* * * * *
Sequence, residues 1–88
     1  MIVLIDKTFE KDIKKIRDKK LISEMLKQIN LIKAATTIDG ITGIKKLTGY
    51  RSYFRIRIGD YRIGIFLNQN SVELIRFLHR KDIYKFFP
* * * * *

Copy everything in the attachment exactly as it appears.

Sequence, residues 1–88
     1  MIVLIDKTFE KDIKKIRDKK LISEMLKQIN LIKAATTIDG ITGIKKLTGY
    51  RSYFRIRIGD YRIGIFLNQN SVELIRFLHR KDIYKFFP